The same two-year phenomenon works to the advantage of those who are working while drawing early Social Security benefits. The threshold monthly earnings at which a recipient's benefits are reduced have increased by more than 7% ($1,410 per month from ages 62-65 and $3,740 per month at age 66). Given the meager increase in COLAs over the past seven years, with three years of zero COLA (2010, 2011, and 2016), seniors drawing early benefits may need to use this provision and find ways to increase their semi-retirement income to make ends meet.

The Takeaway

Current recipients of Medicare and Social Security are used to the annual cost-benefit balancing act, and have learned to deal with it as best they can. Those who were fortunate enough to establish a solid retirement plan are not as dependent on Social Security and are able to withstand these changes without major lifestyle ramifications.

For those who haven't reached retirement, the message is clear: provide as much for your own retirement as possible and consider your retirement age carefully. If you can afford to do so, delay drawing your Social Security benefits past your full retirement age (66 or 67 depending on your year of birth) and receive an extra 8% per year up to age 70. At the least, try to avoid reducing your benefits by claiming them early.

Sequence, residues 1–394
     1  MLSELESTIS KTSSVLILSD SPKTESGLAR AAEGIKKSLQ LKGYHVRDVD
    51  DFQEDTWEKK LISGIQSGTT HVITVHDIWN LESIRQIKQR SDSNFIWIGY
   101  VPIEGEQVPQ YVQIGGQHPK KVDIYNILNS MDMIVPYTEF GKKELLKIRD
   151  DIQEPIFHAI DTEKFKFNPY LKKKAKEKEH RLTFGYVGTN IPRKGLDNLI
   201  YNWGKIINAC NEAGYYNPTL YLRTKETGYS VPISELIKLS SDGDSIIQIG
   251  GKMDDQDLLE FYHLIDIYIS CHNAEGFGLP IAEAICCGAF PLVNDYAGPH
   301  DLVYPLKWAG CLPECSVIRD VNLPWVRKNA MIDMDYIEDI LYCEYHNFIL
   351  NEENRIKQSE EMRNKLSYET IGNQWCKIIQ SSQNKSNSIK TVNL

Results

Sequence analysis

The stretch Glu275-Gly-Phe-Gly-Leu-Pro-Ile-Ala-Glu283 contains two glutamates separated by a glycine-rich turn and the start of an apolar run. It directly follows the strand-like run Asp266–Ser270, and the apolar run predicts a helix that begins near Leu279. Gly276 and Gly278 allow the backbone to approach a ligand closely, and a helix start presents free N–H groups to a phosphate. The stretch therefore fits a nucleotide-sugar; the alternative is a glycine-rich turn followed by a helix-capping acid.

How do you bridge the gap? Build your retirement funds through investing early and taking as much advantage of compound interest and IRAs/401(k)s as possible. Would you rather have an extra morning latte every day of your working life and an extra meal out each week, or a stash of retirement funds that could allow you to avoid making the choice between food and your necessary prescriptions? That choice is up to you.

Let the free MoneyTips Retirement Planner help you calculate when you can retire without jeopardizing your lifestyle.

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Jane | 10.25.16 @ 15:51
I think the government should use the more realistic CPI-E, whic is weighted toward expenses that are more typical of elderly consumers. They pay out more for medical expenses, and typically have more medical expenses thanyounger people (Medicare doesn't pay for everything).
Nancy | 10.25.16 @ 15:54
I think there are better ways to measure inflation. In turn, I think we would see a better representation of true need for increases in things like Social Security.
Zanna | 10.25.16 @ 19:59
I would like to know more about the reasons for self-employed having to pay double into Social Security. Is it because there's no employer matching funds? That doesn't seem fair, really.
$commenter.renderDisplayableName() | 11.27.20 @ 08:10